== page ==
Did you happen to overlook the changes made to the Nutrition Facts Label amidst the COVID-19 crisis? If so, rest assured, the changes that were made were for the betterment of the consumer and their health. Some of the changes were substantial, so missing a few of them is to be expected. This post will detail some of the most important changes made to the label over last handful of years.
Perhaps the most significant change, and likely the most noticeable, are the changes made to the calorie count per serving for any product. The way these calories are calculated remains unchanged, however, the text that displays these calories has been adjusted. With a much larger font than previous iterations, the FDA hopes this change will encourage consumers to avoid foods that disregard their 2,000 daily recommended calories. These changes were coupled with a reconsideration of most products’ serving sizes. As these servings have always just been a suggestion, they’re now meant to display a more accurate breakdown of how consumers truly eat different food products. Not to say this is the healthiest choice, but more often than naught consumers were eating well over the suggested serving sizes. These values have been adjusted to show just how common overeating is when it comes to certain products.
Equally as important, but often overlooked, was the Calories from Fat section of the label. The FDA once thought this value was important in determining which foods were contributing to a poor diet. As it turns out, however, this wasn’t necessarily the case. In fact, what’s truly been determined as most impactful are the types of fat that make up any given food product. Now the label will display the total amount of saturated and trans fats in every food product’s label. In the spirit of contributing to healthy diets, the FDA also decided to include additional nutrient values into the label. Some nutrients such as vitamin D, potassium and others now have their own space on the label. Including these nutrients were for the sake of Americans who weren’t receiving enough of them on a daily basis.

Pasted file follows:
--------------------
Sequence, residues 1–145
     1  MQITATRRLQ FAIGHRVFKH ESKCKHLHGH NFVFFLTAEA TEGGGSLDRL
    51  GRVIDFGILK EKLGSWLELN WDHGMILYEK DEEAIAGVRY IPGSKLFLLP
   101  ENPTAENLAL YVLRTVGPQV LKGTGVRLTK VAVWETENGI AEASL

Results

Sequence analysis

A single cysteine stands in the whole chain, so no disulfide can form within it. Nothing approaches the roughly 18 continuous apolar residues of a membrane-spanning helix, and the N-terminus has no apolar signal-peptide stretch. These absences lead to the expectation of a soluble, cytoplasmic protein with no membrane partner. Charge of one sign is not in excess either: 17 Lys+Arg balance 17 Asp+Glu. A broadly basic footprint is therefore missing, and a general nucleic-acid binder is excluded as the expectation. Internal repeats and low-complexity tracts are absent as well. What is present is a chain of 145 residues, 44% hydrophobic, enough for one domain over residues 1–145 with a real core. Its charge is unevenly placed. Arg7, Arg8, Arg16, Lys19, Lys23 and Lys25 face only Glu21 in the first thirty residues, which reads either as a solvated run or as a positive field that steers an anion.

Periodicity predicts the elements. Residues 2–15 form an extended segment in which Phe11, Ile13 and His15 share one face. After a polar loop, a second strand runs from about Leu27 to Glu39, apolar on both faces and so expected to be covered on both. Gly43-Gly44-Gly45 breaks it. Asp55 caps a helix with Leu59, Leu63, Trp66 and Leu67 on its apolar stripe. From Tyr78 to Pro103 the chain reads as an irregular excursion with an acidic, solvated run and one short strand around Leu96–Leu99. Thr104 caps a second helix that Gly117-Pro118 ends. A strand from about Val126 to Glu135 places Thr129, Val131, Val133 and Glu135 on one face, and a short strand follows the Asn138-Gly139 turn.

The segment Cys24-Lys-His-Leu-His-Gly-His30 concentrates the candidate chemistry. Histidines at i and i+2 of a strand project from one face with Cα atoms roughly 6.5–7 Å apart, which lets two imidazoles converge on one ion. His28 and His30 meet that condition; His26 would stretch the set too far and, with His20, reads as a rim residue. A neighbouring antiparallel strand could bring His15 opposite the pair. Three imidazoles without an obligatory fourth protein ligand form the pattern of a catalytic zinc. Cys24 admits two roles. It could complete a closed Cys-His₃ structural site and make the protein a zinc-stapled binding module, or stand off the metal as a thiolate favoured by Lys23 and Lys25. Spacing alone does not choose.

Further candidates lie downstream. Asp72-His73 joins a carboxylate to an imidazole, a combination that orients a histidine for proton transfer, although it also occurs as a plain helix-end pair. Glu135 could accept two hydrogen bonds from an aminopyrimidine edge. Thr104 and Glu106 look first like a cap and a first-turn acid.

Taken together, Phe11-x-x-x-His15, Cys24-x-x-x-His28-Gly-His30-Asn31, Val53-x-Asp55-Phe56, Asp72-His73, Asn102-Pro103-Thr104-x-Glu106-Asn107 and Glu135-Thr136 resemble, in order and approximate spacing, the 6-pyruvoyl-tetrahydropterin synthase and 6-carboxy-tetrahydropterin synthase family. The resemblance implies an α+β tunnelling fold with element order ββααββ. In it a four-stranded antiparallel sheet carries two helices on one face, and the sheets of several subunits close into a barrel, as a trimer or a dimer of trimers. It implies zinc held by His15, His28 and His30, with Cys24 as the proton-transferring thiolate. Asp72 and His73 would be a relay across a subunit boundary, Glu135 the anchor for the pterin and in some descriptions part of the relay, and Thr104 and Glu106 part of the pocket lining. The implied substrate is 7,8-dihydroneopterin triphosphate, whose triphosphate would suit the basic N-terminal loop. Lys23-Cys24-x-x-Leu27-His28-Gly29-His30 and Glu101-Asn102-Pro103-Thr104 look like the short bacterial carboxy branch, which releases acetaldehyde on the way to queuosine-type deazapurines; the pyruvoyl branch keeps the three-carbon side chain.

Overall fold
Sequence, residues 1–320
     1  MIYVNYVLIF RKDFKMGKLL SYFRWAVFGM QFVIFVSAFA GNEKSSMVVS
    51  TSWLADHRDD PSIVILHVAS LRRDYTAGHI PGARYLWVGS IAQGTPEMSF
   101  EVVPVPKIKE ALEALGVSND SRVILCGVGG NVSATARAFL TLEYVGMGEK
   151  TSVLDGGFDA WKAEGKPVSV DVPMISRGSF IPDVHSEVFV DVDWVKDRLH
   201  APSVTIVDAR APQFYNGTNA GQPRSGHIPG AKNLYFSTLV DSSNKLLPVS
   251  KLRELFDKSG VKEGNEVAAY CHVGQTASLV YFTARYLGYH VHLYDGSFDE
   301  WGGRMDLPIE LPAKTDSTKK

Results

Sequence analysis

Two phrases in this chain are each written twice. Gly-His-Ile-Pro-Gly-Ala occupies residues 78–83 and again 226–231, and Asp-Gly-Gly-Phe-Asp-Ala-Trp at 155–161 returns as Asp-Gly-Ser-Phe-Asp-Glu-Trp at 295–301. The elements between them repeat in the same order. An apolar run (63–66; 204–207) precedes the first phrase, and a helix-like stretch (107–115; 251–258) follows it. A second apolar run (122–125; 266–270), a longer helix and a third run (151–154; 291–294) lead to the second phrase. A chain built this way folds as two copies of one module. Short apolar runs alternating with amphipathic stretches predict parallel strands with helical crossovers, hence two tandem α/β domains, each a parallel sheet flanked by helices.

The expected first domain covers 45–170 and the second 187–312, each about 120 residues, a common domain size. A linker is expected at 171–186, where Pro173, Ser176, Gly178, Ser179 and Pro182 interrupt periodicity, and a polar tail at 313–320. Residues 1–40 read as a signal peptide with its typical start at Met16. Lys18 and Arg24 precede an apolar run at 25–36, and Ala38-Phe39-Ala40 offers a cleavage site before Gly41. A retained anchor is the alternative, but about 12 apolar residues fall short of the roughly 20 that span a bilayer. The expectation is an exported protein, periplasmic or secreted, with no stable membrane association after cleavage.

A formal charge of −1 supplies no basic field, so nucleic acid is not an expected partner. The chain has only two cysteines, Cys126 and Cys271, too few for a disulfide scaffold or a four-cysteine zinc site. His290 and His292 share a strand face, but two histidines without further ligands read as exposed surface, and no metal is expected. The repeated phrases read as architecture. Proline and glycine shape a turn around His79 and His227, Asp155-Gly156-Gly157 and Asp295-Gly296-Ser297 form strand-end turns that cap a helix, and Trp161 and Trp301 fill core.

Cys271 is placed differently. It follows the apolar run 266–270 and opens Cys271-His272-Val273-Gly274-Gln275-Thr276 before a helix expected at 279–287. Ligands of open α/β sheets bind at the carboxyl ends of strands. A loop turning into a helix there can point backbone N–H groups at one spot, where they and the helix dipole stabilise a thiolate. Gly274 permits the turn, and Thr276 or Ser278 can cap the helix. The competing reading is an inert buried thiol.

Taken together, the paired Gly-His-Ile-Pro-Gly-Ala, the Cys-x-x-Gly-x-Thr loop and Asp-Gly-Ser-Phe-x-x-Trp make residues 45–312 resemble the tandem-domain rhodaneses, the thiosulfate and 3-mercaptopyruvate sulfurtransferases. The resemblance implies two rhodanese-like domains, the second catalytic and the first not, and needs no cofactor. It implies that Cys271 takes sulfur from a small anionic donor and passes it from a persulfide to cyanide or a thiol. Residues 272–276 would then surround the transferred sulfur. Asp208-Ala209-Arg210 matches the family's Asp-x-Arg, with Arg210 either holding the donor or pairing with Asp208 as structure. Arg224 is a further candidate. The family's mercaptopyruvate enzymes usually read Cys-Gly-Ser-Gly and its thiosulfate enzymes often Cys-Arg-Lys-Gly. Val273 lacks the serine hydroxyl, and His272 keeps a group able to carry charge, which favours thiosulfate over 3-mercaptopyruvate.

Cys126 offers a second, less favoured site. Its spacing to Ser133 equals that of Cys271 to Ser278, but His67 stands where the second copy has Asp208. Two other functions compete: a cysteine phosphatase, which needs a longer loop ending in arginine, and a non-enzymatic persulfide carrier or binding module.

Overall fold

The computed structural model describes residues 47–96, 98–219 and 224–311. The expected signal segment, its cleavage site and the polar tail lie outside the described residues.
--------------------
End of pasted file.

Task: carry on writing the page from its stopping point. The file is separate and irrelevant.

One of the most telling changes comes in the form of the percentage of calories from added sugars. Added sugars are typically found in products that require longer processing and packaging stages to retain their freshness. However, these added sugars are known to be horrible to any healthy diet. The label will now display just how much added sugars are included and how that contributes to a product’s calorie totals. For younger consumers, who families with younger children, identifying which products are high in natural sugars versus processed added sugar can make a huge difference between a healthy diet and an unhealthy one. Remember, avoid consuming any more than 10% of your daily calories from added sugars for a healthy balance.
The FDA made these suite of changes in hopes that consumers would be capable of making more health-conscious decisions on their own while browsing the aisles of their favorite supermarkets. Remaining informed and consistently making the right nutrition-based decisions can lead to inherently healthier diets and healthier lifestyles as well. Looking for additional information on the changes made to the label recently? Be sure to take a moment to check out the infographic accompanying this post.
Author bio: John Hinchey is VP of Sales for Westfalia Technologies, Inc., a leading provider of logistics solutions for plants, warehouses and distribution centers. He has more than 20 years of experience in manufacturing and warehouse automation.